The CREATE international faculty consortium educators had another full day here in Freiburg, Germany. Following the local custom of eschewing vehicles in favor of public transportation, we traveled by tram to the Freiburg neighborhood known as Vauban. Vauban was created on the site of a former German then French Army housing area as a sustainable living community. It was named after the French engineer Sebastian Vauban. In an effort to understand the concepts of sustainable living used in Vauban we were met by a series of local experts, the first being Meinhard Hansen, a passive house architect who has built some of the projects in Vauban. Mr. Hansen walked us through the neighborhood while explaining the use of passive house architecture and building to create a building that does not need much heating or cooling. Some of these principles were: good insulation including 30 cm thick walls, deep balconies, triple insulated windows, and mechanical ventilation of shading. The second expert who hosted our exploration of Vauban was eRich Lutz, a landscape architect who has been very involved in the creation of Vauban’s green spaces. The commitment to developing green spaces within Vauban began at the earliest design and building stage of its development with a commitment to keep as many of the native trees in place, even resulting in the movement of site plans to other areas to not disturb the existing trees. The result is a rich green fabric surrounding the neighborhood from shade trees to walking paths, multiple children and community areas, and several pilot community gardens. The neighborhood is intentionally pedestrian and bike friendly and disincentivizes owning a car with its 18,000 euro fee per household. Vauban is created to contribute to maximize community interaction. Community involvement is high has been very successful in attracting many young families. It has become a sought after relocation site for young educated professionals from all over Europe.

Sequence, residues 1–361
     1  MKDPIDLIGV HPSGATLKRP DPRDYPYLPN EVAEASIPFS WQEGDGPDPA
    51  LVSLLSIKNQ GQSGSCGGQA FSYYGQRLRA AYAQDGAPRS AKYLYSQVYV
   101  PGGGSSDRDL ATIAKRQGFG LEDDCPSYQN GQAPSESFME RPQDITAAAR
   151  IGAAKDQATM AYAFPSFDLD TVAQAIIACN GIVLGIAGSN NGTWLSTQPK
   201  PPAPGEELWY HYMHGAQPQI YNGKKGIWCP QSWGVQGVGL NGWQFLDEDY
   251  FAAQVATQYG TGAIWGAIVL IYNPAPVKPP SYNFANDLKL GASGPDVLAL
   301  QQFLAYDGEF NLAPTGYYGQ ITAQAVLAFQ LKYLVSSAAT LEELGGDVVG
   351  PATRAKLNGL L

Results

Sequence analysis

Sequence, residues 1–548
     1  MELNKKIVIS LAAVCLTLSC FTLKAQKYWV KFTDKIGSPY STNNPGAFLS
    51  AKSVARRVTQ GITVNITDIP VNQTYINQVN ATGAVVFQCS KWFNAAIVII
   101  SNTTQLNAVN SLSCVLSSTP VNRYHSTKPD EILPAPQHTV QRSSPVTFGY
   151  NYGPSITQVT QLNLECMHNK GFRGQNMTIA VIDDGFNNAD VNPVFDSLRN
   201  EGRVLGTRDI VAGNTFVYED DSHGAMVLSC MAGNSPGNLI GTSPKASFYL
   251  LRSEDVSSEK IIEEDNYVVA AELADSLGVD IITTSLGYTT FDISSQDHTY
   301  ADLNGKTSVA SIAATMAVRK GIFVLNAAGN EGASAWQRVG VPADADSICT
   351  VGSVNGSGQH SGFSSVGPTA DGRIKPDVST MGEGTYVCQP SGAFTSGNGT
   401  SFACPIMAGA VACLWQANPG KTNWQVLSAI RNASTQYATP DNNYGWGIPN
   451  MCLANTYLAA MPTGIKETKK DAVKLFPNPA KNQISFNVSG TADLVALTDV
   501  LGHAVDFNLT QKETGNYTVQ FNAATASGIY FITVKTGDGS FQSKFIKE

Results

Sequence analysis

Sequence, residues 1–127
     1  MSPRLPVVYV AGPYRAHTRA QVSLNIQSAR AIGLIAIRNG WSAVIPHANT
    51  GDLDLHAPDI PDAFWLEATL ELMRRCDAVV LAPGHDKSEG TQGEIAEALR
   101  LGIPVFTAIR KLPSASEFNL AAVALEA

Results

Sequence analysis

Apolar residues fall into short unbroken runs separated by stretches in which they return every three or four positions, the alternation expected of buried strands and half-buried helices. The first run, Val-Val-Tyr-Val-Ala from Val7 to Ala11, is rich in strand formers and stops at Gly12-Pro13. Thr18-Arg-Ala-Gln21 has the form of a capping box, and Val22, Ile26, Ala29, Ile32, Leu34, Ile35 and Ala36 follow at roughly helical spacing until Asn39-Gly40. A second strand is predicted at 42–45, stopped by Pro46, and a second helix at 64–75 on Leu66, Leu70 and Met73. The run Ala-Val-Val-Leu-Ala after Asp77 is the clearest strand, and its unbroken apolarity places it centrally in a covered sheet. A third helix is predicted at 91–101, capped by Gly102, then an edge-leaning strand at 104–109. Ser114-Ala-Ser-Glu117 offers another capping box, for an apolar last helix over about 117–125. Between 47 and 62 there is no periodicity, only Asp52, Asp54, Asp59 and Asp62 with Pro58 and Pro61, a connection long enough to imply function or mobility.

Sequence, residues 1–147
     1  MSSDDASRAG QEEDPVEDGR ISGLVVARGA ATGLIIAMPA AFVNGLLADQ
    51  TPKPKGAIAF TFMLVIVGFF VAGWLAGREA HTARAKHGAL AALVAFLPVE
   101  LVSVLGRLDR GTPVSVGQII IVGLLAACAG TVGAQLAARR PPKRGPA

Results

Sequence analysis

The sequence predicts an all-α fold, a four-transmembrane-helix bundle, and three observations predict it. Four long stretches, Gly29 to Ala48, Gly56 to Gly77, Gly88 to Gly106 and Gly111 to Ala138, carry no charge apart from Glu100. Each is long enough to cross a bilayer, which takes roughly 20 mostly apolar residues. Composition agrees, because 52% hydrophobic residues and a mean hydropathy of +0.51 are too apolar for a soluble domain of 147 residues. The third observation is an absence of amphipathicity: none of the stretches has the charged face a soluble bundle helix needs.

After lunch at the popular Vauban restaurant Suden, our group was met by our afternoon host, Dr. Tobias Bube, Director of Marketing and International Relations for the Rolf Disch Solar Architecture Office. Dr. Bube was able to show our group two different housing models featuring the innovative use of solar that had been pioneered by his firm. The first was a unique single family home called the Heliotrop. The Heliotrop was the first plus-energy house in the world and produces three times more energy than it uses. It moves in small increments to track the path of the sun in order to use as much of the daily sunlight as possible. The second Rolf Disch project that we viewed was the Solar Settlement. This is a development consisting of a commercial building and over 50 terrace houses all of which make extensive use of solar and energy efficiency. It was the first housing community in the world in which all the homes produce a positive energy balance and which is emissions-free and CO2 neutral. Built between 2000 and 2005 in the Vauban quarter of Freiburg the design of the Solar Settlement was recognized internationally as an innovative concept and the community has continually received delegations from around the world to study (and possibly replicate) the concepts in other countries. We ended the day at the Rolf Disch Architecture firm office which also had a number of innovative design features. The Solar Settlement has proven to be another very popular living concept and has enjoyed full occupancy since its opening. More information about the Rolf Disch Plus Energy concept and solar architecture can be found at www.rolfdisch.de